See also: Agnès and Ágnes

EnglishEdit

 
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EtymologyEdit

From Ancient Greek Ἁγνή (Hagnḗ), coming from Ancient Greek ἁγνός (hagnós, pure, chaste), Ancient Greek ἁγνεία (hagneía, purity, chastity). Doublet of Inez.

PronunciationEdit

  • IPA(key): /ˈæɡ.nɪs/
  • (file)

Proper nounEdit

Agnes

  1. A female given name from Ancient Greek.
    • 1876, Annie Howells Fréchette, “Reuben Dale”, in The Galaxy, W.C. and F.P.Church, 1876, page 394:
      Why do you call Mrs. Stone Aggie? Agnes is such a beautiful name, it is a shame to nick it in that way." Then, quickly regretting his impatience, he added, "You would not have been jealous, would you, Jenny?
    • 1977, Colleen McCullough, The Thorn Birds, Harper & Row, →ISBN, pages 3,5:
      Right then and there in her mind she had christened it Agnes, the only name she knew elegant enough for such a peerless creature. - - - She held the doll so her brothers could see. "Look, isn't she beautiful? Her name is Agnes.[...]Agnes? Agnes?" Jack gagged realistically. "What a soppy name! Why don't you call her Margaret or Betty?
    • 1995, Elizabeth Wurtzel, Prozac Nation: Young and Depressed in America, Riverhead Books, →ISBN, page 14:
      I found myself wanting to explain it to her, this middle-aged woman with the kind of haircut you call a hairdo, which needed to be set in rollers every night, who had a name like Agnes or Harriet, a name that even predated my mother's generation.

Usage notesEdit

  • Name of one of the four great virgin martyrs, by folk etymology associated with Latin agnus (lamb). Popular in the Middle Ages and again at the turn of the 20th century.
  • In Ireland Agnes has been used as an Anglicization of Úna.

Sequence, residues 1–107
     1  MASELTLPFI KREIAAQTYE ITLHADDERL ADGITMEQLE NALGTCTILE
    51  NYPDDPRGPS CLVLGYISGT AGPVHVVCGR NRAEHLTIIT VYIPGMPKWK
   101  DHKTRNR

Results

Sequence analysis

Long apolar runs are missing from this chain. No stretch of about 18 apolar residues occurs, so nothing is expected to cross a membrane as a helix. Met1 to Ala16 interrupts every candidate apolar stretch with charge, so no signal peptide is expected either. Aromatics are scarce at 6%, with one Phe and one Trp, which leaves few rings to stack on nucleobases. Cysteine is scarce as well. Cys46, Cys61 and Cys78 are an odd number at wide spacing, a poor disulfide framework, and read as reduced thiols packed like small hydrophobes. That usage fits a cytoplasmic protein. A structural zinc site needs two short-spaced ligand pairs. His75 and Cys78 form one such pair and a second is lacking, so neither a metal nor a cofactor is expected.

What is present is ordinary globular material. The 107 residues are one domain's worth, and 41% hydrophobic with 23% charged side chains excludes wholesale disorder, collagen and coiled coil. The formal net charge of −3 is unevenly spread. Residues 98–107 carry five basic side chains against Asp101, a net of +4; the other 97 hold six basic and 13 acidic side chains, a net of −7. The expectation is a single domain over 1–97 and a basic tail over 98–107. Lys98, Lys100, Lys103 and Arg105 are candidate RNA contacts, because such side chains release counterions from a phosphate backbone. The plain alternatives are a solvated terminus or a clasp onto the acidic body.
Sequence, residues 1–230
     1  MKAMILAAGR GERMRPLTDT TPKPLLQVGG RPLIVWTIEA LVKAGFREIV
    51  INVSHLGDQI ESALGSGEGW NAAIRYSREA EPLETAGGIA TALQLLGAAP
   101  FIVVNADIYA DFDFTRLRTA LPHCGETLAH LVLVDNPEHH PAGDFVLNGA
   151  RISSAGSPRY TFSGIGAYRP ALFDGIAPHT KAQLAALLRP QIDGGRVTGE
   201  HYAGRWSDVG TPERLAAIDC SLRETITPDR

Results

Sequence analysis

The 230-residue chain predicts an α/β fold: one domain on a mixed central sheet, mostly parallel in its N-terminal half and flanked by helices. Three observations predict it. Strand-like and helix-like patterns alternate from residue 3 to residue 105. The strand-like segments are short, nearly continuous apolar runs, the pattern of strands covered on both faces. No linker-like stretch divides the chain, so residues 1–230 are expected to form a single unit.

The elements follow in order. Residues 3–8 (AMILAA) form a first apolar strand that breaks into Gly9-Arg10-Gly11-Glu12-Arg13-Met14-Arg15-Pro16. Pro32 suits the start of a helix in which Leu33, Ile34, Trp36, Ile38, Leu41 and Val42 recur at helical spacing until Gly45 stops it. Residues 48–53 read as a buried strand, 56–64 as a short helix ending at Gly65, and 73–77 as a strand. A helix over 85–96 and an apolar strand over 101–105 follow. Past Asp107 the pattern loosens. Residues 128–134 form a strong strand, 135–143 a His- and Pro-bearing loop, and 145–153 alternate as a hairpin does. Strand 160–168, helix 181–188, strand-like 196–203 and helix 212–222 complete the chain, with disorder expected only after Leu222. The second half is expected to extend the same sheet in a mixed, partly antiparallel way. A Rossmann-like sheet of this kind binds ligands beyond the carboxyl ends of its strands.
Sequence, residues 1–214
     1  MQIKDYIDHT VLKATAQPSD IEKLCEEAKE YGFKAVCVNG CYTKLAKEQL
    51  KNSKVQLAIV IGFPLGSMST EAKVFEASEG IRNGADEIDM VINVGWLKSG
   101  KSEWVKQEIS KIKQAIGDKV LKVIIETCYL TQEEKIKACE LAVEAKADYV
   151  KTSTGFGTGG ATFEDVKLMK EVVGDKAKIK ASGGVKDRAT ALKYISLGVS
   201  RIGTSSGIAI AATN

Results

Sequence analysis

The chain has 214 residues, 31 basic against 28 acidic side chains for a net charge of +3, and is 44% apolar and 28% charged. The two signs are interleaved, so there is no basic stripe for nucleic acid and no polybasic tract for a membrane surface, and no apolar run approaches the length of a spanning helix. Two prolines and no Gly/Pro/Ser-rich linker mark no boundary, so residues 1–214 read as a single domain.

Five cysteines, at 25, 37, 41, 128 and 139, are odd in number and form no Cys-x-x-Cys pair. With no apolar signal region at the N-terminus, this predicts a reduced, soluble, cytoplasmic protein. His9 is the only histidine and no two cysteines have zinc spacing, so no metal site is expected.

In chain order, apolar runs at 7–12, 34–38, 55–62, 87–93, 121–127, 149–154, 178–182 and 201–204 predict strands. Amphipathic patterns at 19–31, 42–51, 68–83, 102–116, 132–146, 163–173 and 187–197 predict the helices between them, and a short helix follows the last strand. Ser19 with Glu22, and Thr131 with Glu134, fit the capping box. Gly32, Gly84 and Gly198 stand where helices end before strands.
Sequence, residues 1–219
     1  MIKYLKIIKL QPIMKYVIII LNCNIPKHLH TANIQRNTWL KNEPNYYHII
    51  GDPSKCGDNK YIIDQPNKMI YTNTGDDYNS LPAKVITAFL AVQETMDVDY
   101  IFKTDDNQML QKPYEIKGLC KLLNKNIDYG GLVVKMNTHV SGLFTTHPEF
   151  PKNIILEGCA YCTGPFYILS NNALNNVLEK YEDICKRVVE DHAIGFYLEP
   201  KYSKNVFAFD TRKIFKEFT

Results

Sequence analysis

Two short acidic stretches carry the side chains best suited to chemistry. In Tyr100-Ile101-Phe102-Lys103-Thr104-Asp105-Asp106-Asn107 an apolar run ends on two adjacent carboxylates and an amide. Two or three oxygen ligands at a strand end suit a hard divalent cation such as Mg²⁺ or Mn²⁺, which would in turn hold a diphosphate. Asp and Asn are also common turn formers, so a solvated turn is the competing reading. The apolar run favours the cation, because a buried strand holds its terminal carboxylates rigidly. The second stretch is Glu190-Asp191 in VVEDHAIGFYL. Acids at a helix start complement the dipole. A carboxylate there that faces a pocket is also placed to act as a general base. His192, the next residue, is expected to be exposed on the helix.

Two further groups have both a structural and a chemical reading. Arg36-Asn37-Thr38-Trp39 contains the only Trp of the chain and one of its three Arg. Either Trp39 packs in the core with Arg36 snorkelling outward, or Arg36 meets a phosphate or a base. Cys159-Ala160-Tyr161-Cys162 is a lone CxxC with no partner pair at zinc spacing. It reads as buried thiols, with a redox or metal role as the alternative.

Derived termsEdit

Related termsEdit

TranslationsEdit

AnagramsEdit


DanishEdit

Proper nounEdit

Agnes

  1. a female given name from Ancient Greek, equivalent to English Agnes

Related termsEdit

ReferencesEdit

  • [1] Danskernes Navne, based on CPR data: 20 324 females with the given name Agnes have been registered in Denmark between about 1890 (=the population alive in 1967) and January 2005, with the frequency peak in the 1900s decade. Accessed on 19 June 2011.

EstonianEdit

Proper nounEdit

Agnes

  1. a female given name from Ancient Greek, equivalent to English Agnes

Related termsEdit


GermanEdit

PronunciationEdit

  • IPA(key): /ˈaː.ɡnəs/, /ˈaːk.nəs/
  • IPA(key): /ˈax.nəs/ (northern and central Germany; now chiefly colloquial)
  • (file)

Proper nounEdit

Agnes f (proper noun, genitive Agnes' or (older ending) Agnesens, plural Agnes)

  1. a female given name from Ancient Greek, equivalent to English Agnes

DeclensionEdit

Related termsEdit


LatinEdit

PronunciationEdit

Proper nounEdit

Agnes f sg (genitive Agnetis); third declension

  1. (Late Latin) a female given name, equivalent to English Agnes or Annyce

DeclensionEdit

Third-declension noun, singular only.

Case Singular
Nominative Agnes
Genitive Agnetis
Dative Agnetī
Accusative Agnetem
Ablative Agnete
Vocative Agnes

NorwegianEdit

Proper nounEdit

Agnes

  1. a female given name from Ancient Greek, equivalent to English Agnes

ScotsEdit

PronunciationEdit

Proper nounEdit

Agnes

  1. a female given name from Ancient Greek, equivalent to English Agnes

Related termsEdit

ReferencesEdit


SwedishEdit

Proper nounEdit

Agnes c (genitive Agnes)

  1. a female given name from Ancient Greek, equivalent to English Agnes

Related termsEdit

AnagramsEdit


TagalogEdit

EtymologyEdit

Borrowed from English Agnes.

PronunciationEdit

  • Hyphenation: Ag‧nes
  • IPA(key): /ˈʔaɡnes/, [ˈʔɐɡ.nes]

Proper nounEdit

Agnes

  1. a female given name from English